IWC Aquatimer Chronograph Galapagos Islands Edition

 

(IWC ref 3767)

TWG Verdict: 4 out of 5. A tactile diver’s watch with superb functionality in a unique package. Could do with improved water resistance to be classed as a true diver’s watch.

I love the look and, more importantly, the feel of IWC’s Aquatimer chronograph in matte black rubber packaging. The vulcanised rubber around the stainless steel makes for a unique feature of this ‘black’ watch. The process has been executed carefully and produces a superb, high-end feeling finish. The contrast between the black case, dial, bezel and strap against the white of the numerals, hands and markers is particularly striking.

The watch has a mechanical, automatic movement - an IWC modified ETA Valjoux 7750 - with a 44 hour power reserve. The case is 44mm in diameter and around 15mm thick. The Galapagos is incredibly comfortable to wear for long periods.

Interestingly, there is a ‘quick-change’ strap system, but there aren’t any other strap variations. I suspect that the quick-change strap system was used to avoid damage from traditional strap changing tools to the vulcanised rubber case when replacing the strap.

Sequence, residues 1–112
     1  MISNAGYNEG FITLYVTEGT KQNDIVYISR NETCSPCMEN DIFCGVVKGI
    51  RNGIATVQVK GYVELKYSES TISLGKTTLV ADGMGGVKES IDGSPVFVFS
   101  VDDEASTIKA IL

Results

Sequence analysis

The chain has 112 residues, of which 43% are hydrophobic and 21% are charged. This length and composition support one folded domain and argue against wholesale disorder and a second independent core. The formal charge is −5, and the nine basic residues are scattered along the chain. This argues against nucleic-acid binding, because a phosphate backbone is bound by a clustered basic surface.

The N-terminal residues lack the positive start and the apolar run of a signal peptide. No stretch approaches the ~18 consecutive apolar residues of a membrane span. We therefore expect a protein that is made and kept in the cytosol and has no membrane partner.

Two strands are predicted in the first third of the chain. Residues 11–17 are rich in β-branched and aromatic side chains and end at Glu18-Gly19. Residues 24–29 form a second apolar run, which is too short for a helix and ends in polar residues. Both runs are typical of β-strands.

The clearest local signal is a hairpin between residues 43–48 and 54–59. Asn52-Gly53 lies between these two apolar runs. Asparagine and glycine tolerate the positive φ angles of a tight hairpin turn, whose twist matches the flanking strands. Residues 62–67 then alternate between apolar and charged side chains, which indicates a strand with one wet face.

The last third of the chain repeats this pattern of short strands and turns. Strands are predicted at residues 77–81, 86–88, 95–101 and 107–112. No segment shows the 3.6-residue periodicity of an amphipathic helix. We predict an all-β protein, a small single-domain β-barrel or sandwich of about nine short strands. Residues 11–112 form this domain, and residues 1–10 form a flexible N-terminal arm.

The Galapagos is a really functional diver’s watch with a very sporty look and feel. The dial, hands and bezel are incredibly easy to read both above and below water. Little finishing details are everywhere on this watch, like the small underlining of the numbers on the bezel to reduce confusion when reading the elapsed dive time, or the contrasting yellow, easy-to-read hacking sub-dial seconds hand. 

I’m a little surprised that, as a diver’s watch, the water resistance is only to 12 bar (120m), but it might not be an issue for the majority of prospective purchasers.

The 12-hour chronograph functions well and the pushers are firm enough to ensure a positive ‘click’ during operation. The skeleton hands on the chronograph sub-dials make a useful contrast, ensuring that they stand out enough to read, but don’t end up looking like hour markers or part of the hour or minute hands. Despite being a relatively busy dial, everything is easy to read.

A new IWC Galapagos retails for over GBP £5,000 (USD $7,500), which is a reasonable premium on the standard Aquatimer, but second-hand Galapagos watches are now available from dealers at around a 20% to 25% discount on full retail price. It should be possible to pick one up at a reasonable price through private sales routes, but, as always, be sure to make all necessary checks to ensure that you are buying an original.